Let's Talk Work

because there are two sides to every story

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Workplace Violence

Shooting in Aurora, Illinois

Photo Credit: time.com

The tragedy that plagued an organization and the families it employs has been front-page news since Friday. These workplace shootings are far too common, as are those in schools and other places.

What steps has your organization put in place (or are they at least planning to) in order to prepare for such an unexpected event
At the very least, it should start with comprehensive pre-employment screening that should include background checks that reach beyond your current county or state.
A zero-tolerance policy should be developed that accompanies appropriate disciplinary and grievance procedures.
What about violence prevention training, for all employees?
We have fire drills, of course. However, such a traumatic event such as active shooting in or around a workplace, will cause confusion and chaos and potentially lead to more tragic consequences when no one is prepared.

Workplace violence is not just about a shooting. From vandalism to product contamination, from stalking to domestic violence, from arson to attempted homicide, or worse – homicide – as we are all witnessing too close to home. An incident could be a personal attack on an entire organization or just on one person, and not always from inside the organization, but also from outside the organization. Consider what happened at Mercy Hospital only months ago; still traumatizing staff to this day.

So, we are addressing employers today. How are you preparing your organization? If such an event were to occur — do your employees know where they should go? Is there a safe place to hide? How does one take personal protection from your position in the building? How should someone respond if coming face to face with the aggressor? Is your organization prepared appropriately when conducting a termination, from security staff to a secured area?

There are many measures that employers can take, and of course – they will depend upon the type of industry involved; whether accessed by the public or only vendors. There are so many factors. We are interested in your thoughts on this matter, one staring us all in the face.

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Heads Up – on Your Job Search

First things first. Attitude speaks volumes. It can be present in the way you write, of course the way you speak by phone, your social media interactions, and especially how you present yourself to an employer. This starts with your resume, your cover letter, and even how you apply to a job. Keep these points in mind from experienced corporate recruiters – perspectives from their side of the desk.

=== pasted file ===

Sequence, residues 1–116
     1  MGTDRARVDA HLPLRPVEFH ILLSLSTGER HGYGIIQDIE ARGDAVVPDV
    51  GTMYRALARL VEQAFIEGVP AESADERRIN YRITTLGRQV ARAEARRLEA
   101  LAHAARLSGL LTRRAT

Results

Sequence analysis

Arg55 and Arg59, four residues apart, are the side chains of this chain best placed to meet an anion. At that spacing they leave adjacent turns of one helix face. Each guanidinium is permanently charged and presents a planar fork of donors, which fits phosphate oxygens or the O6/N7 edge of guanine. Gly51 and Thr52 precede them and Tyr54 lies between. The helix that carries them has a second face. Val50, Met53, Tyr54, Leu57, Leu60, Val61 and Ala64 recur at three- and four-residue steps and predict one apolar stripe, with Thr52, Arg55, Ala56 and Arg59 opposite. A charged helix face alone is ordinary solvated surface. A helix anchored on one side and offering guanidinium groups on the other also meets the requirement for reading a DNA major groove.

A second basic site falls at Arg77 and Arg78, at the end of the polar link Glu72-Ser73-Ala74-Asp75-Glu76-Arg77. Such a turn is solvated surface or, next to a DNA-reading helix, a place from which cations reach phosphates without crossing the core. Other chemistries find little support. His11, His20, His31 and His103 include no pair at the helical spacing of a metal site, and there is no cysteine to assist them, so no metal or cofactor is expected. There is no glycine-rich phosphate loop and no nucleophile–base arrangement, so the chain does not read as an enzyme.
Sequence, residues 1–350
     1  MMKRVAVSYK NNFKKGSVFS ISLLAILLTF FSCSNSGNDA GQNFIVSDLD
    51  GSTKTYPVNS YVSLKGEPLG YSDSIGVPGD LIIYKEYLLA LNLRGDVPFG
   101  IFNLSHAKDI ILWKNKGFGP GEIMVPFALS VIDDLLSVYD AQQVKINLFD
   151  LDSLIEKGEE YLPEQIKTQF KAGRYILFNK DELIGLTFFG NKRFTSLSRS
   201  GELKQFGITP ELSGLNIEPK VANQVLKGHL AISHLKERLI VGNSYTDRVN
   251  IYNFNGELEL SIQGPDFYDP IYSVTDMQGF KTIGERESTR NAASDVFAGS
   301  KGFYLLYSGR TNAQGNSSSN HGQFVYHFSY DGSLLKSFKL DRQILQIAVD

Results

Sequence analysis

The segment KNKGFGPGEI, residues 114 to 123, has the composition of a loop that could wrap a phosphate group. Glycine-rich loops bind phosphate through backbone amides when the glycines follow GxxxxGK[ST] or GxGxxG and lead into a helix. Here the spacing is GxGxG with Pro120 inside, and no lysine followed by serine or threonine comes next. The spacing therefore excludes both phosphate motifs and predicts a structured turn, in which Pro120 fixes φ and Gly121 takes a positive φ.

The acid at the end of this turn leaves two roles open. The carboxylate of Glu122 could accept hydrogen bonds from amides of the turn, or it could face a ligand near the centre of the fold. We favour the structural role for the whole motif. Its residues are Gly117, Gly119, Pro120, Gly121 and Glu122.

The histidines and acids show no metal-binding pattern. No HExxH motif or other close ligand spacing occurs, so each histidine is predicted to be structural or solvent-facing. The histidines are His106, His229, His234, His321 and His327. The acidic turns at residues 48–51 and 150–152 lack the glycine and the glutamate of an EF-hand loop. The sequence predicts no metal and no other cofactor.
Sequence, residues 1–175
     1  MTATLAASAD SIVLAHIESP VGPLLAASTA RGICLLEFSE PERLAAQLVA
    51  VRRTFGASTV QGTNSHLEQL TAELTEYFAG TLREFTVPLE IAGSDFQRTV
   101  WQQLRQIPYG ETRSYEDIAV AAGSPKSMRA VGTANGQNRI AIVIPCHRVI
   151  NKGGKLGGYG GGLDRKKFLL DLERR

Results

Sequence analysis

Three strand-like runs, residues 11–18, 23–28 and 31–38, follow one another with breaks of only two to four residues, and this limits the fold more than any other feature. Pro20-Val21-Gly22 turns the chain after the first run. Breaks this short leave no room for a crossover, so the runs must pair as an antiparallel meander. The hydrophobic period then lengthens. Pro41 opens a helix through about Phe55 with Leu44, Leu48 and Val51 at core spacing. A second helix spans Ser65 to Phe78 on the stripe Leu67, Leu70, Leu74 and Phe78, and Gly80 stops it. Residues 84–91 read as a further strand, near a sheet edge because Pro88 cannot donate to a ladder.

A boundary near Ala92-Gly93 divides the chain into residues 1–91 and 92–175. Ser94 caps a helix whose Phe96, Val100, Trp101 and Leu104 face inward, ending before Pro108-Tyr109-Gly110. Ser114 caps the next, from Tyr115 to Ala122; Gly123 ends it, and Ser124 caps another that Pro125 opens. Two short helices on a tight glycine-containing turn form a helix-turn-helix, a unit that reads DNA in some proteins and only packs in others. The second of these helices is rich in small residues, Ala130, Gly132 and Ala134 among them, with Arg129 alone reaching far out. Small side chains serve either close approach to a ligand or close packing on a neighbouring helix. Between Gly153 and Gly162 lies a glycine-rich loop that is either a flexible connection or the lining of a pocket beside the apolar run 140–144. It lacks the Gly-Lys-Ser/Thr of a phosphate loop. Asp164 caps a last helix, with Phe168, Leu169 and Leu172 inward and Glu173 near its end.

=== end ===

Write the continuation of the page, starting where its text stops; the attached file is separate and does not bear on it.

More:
1. Pay serious attention to any direction within the job posting. This could be hidden within the body of the description – sometimes to gauge who is paying attention to the direction, and who is not. When an employer anticipates a high level of interest, this could be one way they elect to weed out candidates at the onset. Why? If the candidate isn’t following a simple direction of ‘how to apply’ then how will they be paying attention to the details of the job? This is where ‘attention to detail’ comes into play right away.
  2. Proofread and re-proofread your cover letter and resume. We all can spend a lot of time working on it, get buried in it, and blinded by our own light! A fresh set of eyes can be helpful. Sending a resume with spelling errors, grammar inconsistencies can rule you out before you’ve had the chance to interview.
  3. If there are gaps in your resume that are 6 months or longer, be sure to explain them at least in your cover letter. If you happen to get laid off after a decade or two at a company and are fortunate enough to get a severance package, maybe you decide to use a couple of months to regroup. No one should hold that against you. Not everyone has such an opportunity to do so, along with the financial security blanket that may allow for such. For the most part, any prospective employer wants to know what are you doing with your time – productive, educational, caregiving, whatever.
  4. List and discuss your accomplishments in a job, not just a bullet list of duties. You may have been ‘responsible’ for some things, but aren’t we all? What makes you stand out in the roles you’ve had that could make you shine in an interview? How might you contributed to improvements, efficiencies or more?
  5. And a final note – be sure that you carefully review any cover letter, document or email. Do not send such an introduction by simply editing a letter from another. Too often, a different job is mentioned or even worse, a different employer. Dear  ABC Company, when you thought you were sending it to XYZ, and you didn’t save and re-read or re-proof that letter. When this is the case, your resume getting even a once-over is unlikely.

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Question Your Profession

A question for you. Do you ever wonder why you do what you do? Did your career pick you or did you make the choice? Do you ever consider what you might do next?

Working Caregiver Male

Curious. Have you ever questioned your career? It’s value to others, is it challenging  or meaningful enough; or is it thankless?

Some people can come to a crossroad early in their career. Maybe they’ve been enlightened through academics and found a different path along the way, then changed direction and ran with it. Or maybe they realized they were not a good fit. They weren’t being taken seriously, that no matter how hard they worked or even with the best of work ethics, a career path just didn’t seem to make sense anymore.

Have you found yourself in such a predicament? Maybe changing careers early because a unique opportunity presented itself, or just maybe, you were part of a workforce reduction…and you realized that there is less room at the top now, or that technology has eliminated too many jobs. If so, was this early in your career, or maybe much later – and possibly too late to turn back the hands of time?